# Cepstrum Analysis

### What Is a Cepstrum?

Cepstrum analysis is a nonlinear signal processing technique with a variety of applications in areas such as speech and image processing.

The complex cepstrum of a sequence x is calculated by finding the complex natural logarithm of the Fourier transform of x, then the inverse Fourier transform of the resulting sequence:

`$\underset{}{\overset{ˆ}{x}}=\frac{1}{2\pi }{\int }_{-\pi }^{\pi }\mathrm{log}\left[X\left({e}^{j\omega }\right)\right]{e}^{j\omega n}\phantom{\rule{0.16666666666666666em}{0ex}}d\omega .$`

The toolbox function `cceps` performs this operation, estimating the complex cepstrum for an input sequence. It returns a real sequence the same size as the input sequence.

Try using cceps in an echo detection application. First, create a 45 Hz sine wave sampled at 100 Hz. Add an echo of the signal, with half the amplitude, 0.2 seconds after the beginning of the signal.

```t = 0:0.01:1.27; s1 = sin(2*pi*45*t); s2 = s1 + 0.5*[zeros(1,20) s1(1:108)];```

Compute and plot the complex cepstrum of the new signal.

```c = cceps(s2); plot(t,c)``` The complex cepstrum shows a peak at 0.2 seconds, indicating the echo.

The real cepstrum of a signal x, sometimes called simply the cepstrum, is calculated by determining the natural logarithm of magnitude of the Fourier transform of x, then obtaining the inverse Fourier transform of the resulting sequence:

`${c}_{x}=\frac{1}{2\pi }{\int }_{-\pi }^{\pi }\mathrm{log}|X\left({e}^{j\omega }\right)|{e}^{j\omega n}\phantom{\rule{0.16666666666666666em}{0ex}}d\omega .$`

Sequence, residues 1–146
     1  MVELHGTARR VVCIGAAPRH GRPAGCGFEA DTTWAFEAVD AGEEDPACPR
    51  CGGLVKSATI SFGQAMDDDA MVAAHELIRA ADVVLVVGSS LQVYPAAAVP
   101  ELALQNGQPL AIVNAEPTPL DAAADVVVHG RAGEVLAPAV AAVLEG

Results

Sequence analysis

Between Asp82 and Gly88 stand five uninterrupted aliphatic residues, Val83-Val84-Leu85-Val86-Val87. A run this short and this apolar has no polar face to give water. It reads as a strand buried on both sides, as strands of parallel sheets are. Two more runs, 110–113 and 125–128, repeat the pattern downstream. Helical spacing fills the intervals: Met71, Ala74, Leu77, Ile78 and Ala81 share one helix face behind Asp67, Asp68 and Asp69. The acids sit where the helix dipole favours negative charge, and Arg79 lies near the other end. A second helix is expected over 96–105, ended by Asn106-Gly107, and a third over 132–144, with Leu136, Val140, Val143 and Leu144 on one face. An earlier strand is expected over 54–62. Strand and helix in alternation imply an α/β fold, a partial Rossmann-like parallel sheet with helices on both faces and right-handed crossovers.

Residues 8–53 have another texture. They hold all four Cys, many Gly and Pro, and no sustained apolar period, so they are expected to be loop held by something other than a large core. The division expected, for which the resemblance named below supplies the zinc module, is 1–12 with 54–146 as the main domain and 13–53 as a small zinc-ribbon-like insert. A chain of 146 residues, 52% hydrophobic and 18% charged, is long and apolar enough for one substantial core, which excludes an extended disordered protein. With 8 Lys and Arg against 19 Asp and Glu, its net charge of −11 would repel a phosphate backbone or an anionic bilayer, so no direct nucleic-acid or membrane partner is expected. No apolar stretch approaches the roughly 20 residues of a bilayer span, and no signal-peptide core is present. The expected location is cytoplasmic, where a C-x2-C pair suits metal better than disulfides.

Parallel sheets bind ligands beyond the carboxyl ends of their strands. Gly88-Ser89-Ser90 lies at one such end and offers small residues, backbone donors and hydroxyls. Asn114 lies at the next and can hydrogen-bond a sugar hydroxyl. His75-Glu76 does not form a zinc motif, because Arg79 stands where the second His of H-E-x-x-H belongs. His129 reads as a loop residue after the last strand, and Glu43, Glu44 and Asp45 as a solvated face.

The toolbox function `rceps` performs this operation, returning the real cepstrum for a sequence. The returned sequence is a real-valued vector the same size as the input vector.

The `rceps` function also returns a unique minimum-phase sequence that has the same real cepstrum as the input. To obtain both the real cepstrum and the minimum-phase reconstruction for a sequence, use `[y,ym] = rceps(x)`, where `y` is the real cepstrum and `ym` is the minimum phase reconstruction of `x`. The following example shows that one output of `rceps` is a unique minimum-phase sequence with the same real cepstrum as `x`.

```y = [4 1 5]; % Non-minimum phase sequence [xhat,yhat] = rceps(y); xhat2 = rceps(yhat); [xhat' xhat2']```
```ans = 3×2 1.6225 1.6225 0.3400 0.3400 0.3400 0.3400 ```

### Inverse Complex Cepstrum

To invert the complex cepstrum, use the `icceps` function. Inversion is complicated by the fact that the `cceps` function performs a data-dependent phase modification so that the unwrapped phase of its input is continuous at zero frequency. The phase modification is equivalent to an integer delay. This delay term is returned by `cceps` if you ask for a second output:

```x = 1:10; [xhat,delay] = cceps(x)```
```xhat = 1×10 2.2428 -0.0420 -0.0210 0.0045 0.0366 0.0788 0.1386 0.2327 0.4114 0.9249 ```
```delay = 1 ```

To invert the complex cepstrum, use `icceps` with the original delay parameter:

`icc = icceps(xhat,2)`
```icc = 1×10 2.0000 3.0000 4.0000 5.0000 6.0000 7.0000 8.0000 9.0000 10.0000 1.0000 ```

As shown in the above example, with any modification of the complex cepstrum, the original delay term may no longer be valid. You will not be able to invert the complex cepstrum exactly.